On May 8th, 1991 I sent out my first story submission to a magazine. Because I don't remember when I started the story, I mark the beginning of my writing career from that date. The story was called Lives and Times and is number 1 of The One-Thousand. It wasn't a very good story, though I don't think it was horrible. It felt, even as I wrote it, like something written in the 1950s, an eccentric scientist tests out his theories on memory on his best friend who's got Alzheimer's with some unpleasant results. I still like the science fiction idea behind it. Our scientist takes the idea of seeing your life flash before your eyes and decides all the brain's neurons must be firing at once during a moment of intense stress. He figures out a way to make it happen without the stressful event.

Besides being my first submission, the story was important to me because it was the longest thing I had ever written to that point and the first longer work I had ever finished. I sent it to Amazing Stories. It had been my dream for years to be published by Amazing Stories, the oldest science fiction mag at that time. I didn't get published by Amazing Stories, even after six more tries. In fact, an assistant editor there used to eviscerate my work. Most rejections are simple form letters. If someone takes the time to tell you how bad your story is, well, that's a fresh new circle of Hell. At least I got those rejections out of the way at the very beginning.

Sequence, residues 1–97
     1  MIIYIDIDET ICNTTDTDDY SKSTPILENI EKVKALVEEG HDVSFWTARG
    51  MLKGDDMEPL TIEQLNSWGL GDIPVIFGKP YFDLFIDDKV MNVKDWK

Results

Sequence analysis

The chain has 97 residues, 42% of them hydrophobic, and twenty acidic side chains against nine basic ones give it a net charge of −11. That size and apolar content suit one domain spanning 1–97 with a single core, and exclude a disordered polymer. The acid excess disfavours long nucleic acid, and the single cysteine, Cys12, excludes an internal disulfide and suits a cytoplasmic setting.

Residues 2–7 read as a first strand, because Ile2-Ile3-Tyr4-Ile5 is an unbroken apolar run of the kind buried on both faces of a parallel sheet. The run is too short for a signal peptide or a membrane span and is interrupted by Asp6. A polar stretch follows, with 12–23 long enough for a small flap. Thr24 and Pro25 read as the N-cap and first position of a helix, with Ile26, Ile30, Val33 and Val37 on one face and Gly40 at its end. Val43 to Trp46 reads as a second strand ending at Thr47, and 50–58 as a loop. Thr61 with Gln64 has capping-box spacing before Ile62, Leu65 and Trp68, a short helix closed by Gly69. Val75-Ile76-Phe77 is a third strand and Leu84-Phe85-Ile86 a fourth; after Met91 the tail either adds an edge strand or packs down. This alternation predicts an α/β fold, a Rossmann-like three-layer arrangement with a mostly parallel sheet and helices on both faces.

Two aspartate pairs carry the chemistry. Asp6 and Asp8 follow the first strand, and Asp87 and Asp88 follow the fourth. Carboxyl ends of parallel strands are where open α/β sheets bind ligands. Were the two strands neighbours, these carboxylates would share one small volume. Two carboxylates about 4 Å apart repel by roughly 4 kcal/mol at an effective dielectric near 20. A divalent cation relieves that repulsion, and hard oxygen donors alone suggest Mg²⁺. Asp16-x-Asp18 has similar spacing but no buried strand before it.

I just became eligible to join the Science Fiction and Fantasy Writers of America and joined a couple of weeks ago. That marks the twenty year trip rather nicely, though I would have been horrified when I started if I had known it would take so long. A lot of people could have done what I've done in eight years or even less. I had life to deal with, like everyone else, but also, I wasn't the hardest worker. The one good example I have to offer from this journey is persistence. Say whatever else you will about me, a whole hell of a lot of people would have quit before that twenty year mark, especially with the many hundreds of rejections I received.

I'd like to think I have an iron will, but anyone who knows me (and I'm one of those people) knows that the strength of my will is equal to that of an over-boiled noodle. The truth is I quit loads of times over those twenty years. And every time I jumped back in a day or a week later. I didn't really have a choice in the matter. This is what I do and I'd do it no matter what. It feels really good that some other people are now able to dig what I'm doing too.

Given what I've said, I guess I don't have any inspirational advice. I'm not going to bother saying follow your dreams or stick with it, because you're already struggling to do the thing you feel you must do. You have been for years. If it's not in you to do a thing, you only have to quit it once. If you really love it, you'll quit it a thousand times.